It’s kind of unfathomable that a team with a killer lineup, the best pitcher in baseball, and a solid bullpen can miss the playoffs in a year when more than half the teams make it. There are plenty of teams who will be playing in October who don’t have half as much talent as this Met roster, yet our season is all but over. Lame duck GM Brodie Van Wagenen definitely deserves blame for shuttling off all our pitching depth in lopsided trades and bringing in some dud free agents. Ownership deserves blame for tightening the purse strings, meddling, and hiring an agent to be the GM. The Noah Syndergaard injury and Marcus Stroman Covid defection certainly played a part as well. However, the below stats go a long way to explain why and how this team so badly under-performed in this shortened season.
That’s the Mets team ERA as of this writing. It ranks them 20th out of 30 teams, despite having the best pitcher in baseball on their staff. Mets pitchers also rank 23rd in BAA and 21st in OBP allowed. They are 17th in home runs allowed and 21st in walks issued. No lineup can carry that to the playoffs. Subtract Jacob deGrom‘s numbers and we fall to dead last in many pitching categories. The Indians lead the Majors in team pitching WAR at 10.2. Mets pitchers have collectively earned a 5.0 WAR, ranking us 15th in the Majors. This is the worst Mets pitching staff in many years, despite the fact that we may have a three-time Cy Young Award winner on our team.
Among the 10 Mets players who’ve seen the most action in the field, only three have positive dWAR ratings – Jeff McNeil, Andres Gimenez, and Wilson Ramos. The latter inclusion tells you how flawed this particular stat remains. Led by J.D. Davis‘ ugly -0.9 dWAR rating, the rest of the Mets every day players are all either making errors, mental mistakes or lacking in range. This is not a good defensive team.
24.6% Walk Rate
That fat, juicy number comes courtesy of the Mets bullpen. Of late they’ve been better – partly due to Edwin Diaz finding his confidence, and partly due to the struggling Dellin Betances winding up on the IL. The walks issued by our bullpen have been a killer. How many times have we seen Jeurys Familia enter a game and promptly walk the first batter he faces? And his ugly 14.6% rate is only the third worst on the team. Brad Brach owns a 20% rate! Find the strike zone during your bullpen warm-ups please!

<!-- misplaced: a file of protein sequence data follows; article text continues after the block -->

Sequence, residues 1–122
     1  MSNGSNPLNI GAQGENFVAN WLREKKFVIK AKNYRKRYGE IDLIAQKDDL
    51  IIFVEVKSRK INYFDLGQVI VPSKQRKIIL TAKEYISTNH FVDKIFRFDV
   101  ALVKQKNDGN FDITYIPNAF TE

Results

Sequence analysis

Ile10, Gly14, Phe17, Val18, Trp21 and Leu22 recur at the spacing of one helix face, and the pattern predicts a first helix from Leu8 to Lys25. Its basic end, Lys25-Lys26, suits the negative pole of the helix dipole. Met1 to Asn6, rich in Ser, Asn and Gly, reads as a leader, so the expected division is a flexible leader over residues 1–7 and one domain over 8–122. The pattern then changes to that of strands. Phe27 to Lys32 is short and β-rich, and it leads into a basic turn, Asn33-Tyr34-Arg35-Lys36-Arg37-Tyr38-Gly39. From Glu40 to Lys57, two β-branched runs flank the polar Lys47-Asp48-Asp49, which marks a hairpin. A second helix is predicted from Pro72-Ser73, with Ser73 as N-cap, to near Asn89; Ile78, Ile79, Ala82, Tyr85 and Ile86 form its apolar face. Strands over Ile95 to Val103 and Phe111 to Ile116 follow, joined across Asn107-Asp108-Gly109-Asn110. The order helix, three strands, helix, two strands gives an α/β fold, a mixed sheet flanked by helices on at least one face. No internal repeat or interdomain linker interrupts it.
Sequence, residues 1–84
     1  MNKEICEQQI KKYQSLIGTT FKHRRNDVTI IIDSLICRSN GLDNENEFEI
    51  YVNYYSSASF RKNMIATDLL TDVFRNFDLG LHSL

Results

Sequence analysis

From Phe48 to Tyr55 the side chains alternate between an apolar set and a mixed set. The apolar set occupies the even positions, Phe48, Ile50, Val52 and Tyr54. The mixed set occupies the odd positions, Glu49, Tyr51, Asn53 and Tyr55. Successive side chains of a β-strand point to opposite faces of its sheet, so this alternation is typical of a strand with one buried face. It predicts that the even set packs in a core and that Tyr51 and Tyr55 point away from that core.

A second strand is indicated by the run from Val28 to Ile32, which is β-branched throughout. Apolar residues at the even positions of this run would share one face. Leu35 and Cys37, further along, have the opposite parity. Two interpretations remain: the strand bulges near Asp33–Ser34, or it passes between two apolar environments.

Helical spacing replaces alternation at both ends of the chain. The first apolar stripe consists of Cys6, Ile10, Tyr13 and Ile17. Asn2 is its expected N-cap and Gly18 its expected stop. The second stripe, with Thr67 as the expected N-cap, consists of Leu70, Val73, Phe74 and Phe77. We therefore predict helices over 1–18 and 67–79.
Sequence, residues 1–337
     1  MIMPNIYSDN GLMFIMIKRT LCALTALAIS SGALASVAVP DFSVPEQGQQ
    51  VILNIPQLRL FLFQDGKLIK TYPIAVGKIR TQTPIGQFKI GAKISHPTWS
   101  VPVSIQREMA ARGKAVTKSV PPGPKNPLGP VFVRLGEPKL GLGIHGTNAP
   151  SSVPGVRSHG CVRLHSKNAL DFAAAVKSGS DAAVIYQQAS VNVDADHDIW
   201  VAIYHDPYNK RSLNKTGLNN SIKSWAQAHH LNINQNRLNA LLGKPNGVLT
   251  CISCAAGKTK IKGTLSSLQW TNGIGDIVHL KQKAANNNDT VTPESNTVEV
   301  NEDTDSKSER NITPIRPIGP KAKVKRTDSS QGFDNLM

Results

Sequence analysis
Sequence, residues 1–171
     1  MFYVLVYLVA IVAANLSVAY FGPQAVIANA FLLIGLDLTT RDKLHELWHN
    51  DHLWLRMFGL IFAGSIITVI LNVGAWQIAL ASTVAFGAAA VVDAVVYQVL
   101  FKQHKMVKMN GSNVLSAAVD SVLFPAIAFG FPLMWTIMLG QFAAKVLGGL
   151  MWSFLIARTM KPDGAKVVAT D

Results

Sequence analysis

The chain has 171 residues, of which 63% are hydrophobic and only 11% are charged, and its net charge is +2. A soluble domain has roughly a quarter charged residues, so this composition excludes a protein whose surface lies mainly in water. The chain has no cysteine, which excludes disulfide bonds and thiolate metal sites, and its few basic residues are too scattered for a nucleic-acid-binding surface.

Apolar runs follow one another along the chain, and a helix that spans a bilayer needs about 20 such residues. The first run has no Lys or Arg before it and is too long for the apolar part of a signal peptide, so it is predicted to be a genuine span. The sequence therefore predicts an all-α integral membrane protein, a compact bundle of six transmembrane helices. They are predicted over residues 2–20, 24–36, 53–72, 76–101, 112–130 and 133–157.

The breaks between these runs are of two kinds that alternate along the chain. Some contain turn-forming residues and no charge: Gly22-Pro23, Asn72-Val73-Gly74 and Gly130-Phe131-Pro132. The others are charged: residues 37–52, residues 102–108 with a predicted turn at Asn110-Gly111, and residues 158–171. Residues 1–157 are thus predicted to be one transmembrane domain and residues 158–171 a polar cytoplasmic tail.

.253 vs. Lefties
As of this writing, the Mets were leading the Majors in team batting average, but the dominance is entirely against right handed pitchers where they fair .30 points higher in batting and .52 points higher in slugging. This Mets offense has been carried by lefty hitters. McNeil, Dominc Smith, Michael Conforto, Robinson Cano, and Brandon Nimmo all have OPS over .900. They can all hit righties. As for their counterparts, Pete Alonso, Amed Rosario, and Wilson Ramos all had down years, while Jake Marisnick struggled to stay off the injured list. J.D. Davis has been the only consistent right-handed bat this year, and he hasn’t been as good as last season. For this reason, the Mets rank 13th in team batting average against lefties. And their record reflects this.
.30 Points Lower At Home
The Mets lead all of baseball with a whopping .366 team OBP on the road. Citi Field does not give our hitters the warm and fuzzies though as the lineup has produced a far more pedestrian .336 OBP at home. Maybe they miss the fans?
18 Stolen Bases
That’s not how many our team leader has; that’s how many we have collectively. It puts us near the bottom of the league, as does our overall team speed, which is a much bigger issue. This franchise lacks team speed and made too many undisciplined base running mistakes this year. We also lead the league in grounding into double plays. We may not have a prime Jose Reyes or Mookie Wilson on this team, but we can certainly be smarter and a bit more aggressive on the bases next season. Amed Rosario is a shining example of how foot speed doesn’t always translate into good base running. That kid has a knack for getting thrown out at second and picked off at first.
29th Out of 30